Self-Compassion in an Age of Uncertainty

Let’s be honest, we’re living in a strange period of history – it seems like there’s too much happening all at once, and many of us are experiencing dramatic changes in how we view ourselves and our lives.

For some people this can be an exhilarating time of change, but for others it can seem like they are being forced into completely unending their lives. The tougher things seem to get, the more we tend to fault ourselves for our lives not going perfectly – we take all the blame and dispense merciless self-criticism for circumstances that we likely have no control over!

Ask yourself this: When your best friend is struggling, do you immediately blame them for their circumstances? (Well, maybe… but that is a different conversation for another day.)

When your friends are having a bad day, you are far more likely to be supportive, caring, and offer soothing advice. When they fail at something, you probably help them refocus and start again.

So… why don’t you do that for yourself? How often do you beat yourself up when things go wrong or when times are tough?

I’m guessing you do it way too often – and it’s not alright to treat yourself that way!

Self-compassion helps protect us from distorted thoughts and catastrophic thinking that results from difficult challenges that we face. It helps to keep us grounded and continue to make good decisions rather than surrender to self-pity, depression, and defeatist thinking.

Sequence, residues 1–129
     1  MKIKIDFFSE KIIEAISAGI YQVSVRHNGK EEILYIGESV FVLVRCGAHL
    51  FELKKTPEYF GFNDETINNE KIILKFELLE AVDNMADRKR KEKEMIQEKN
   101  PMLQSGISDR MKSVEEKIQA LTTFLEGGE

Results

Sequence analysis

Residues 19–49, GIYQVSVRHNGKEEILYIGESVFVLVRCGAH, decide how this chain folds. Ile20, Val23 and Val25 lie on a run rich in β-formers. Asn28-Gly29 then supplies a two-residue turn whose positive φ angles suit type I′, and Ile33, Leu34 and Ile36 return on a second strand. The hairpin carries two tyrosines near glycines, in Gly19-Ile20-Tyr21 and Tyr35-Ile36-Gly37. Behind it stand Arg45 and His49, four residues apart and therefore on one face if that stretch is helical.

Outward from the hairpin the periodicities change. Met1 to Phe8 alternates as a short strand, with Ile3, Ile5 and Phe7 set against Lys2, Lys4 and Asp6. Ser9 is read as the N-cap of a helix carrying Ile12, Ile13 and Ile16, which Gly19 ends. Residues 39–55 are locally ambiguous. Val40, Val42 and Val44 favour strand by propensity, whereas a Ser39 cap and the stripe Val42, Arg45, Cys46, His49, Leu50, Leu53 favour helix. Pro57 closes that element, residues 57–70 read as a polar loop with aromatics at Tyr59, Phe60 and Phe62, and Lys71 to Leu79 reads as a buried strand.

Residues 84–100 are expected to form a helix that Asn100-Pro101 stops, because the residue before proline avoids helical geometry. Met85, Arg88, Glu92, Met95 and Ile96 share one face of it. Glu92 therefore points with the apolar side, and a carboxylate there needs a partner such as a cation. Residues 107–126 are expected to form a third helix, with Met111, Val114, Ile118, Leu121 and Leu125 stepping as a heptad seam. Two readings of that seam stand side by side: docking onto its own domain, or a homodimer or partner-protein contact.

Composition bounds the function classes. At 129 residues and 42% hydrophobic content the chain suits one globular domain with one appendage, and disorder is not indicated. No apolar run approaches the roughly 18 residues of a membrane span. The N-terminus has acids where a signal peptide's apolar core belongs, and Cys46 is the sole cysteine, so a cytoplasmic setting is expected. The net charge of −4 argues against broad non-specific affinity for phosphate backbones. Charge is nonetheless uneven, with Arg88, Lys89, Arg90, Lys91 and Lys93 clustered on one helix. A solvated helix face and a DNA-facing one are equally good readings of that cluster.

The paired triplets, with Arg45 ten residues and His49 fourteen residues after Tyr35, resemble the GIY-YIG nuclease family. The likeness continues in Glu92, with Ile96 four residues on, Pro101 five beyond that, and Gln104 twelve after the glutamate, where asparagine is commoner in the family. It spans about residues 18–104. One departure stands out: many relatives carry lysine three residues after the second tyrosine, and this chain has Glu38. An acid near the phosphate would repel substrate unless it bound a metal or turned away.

How can you learn to practice self-compassion? Glad you asked!

Learn to live in the present – practice mindfulness

Believe it or not, you rarely live in the present moment. Much of the time your mind is reliving past events or worried about what can happen in the future. If you enjoy holding on to feelings of guilt, self-doubt and anxiety then by all means keep this up. To clear your mind and focus, you must be able to anchor yourself in the present moment. Stop. Breathe deeply and focus on your environment. What do you see, feel, hear, and smell? We will cover mindfulness practices in more detail in a later article.

With a clear mind – understand that you are not alone

Don’t think for a moment that you are the only one who thinks everything has gone wrong. There’s real power in knowing that we are not isolated in our experiences. There have been many others who have survived what you are going through and thrived just like you will. Reach out to someone you trust and let them know what you’re going through.

Practice being kind to yourself

Now that you are calm, and you know that you are NOT alone – treat yourself like you would treat your best friend. Be forgiving, understanding, kind, and supportive of who you are and what you are going through.

These are simple concepts that are very tough to master, but with practice and patience it will change your life. Once you learn how to be your own biggest supporter, there is literally nothing that can hold you back.

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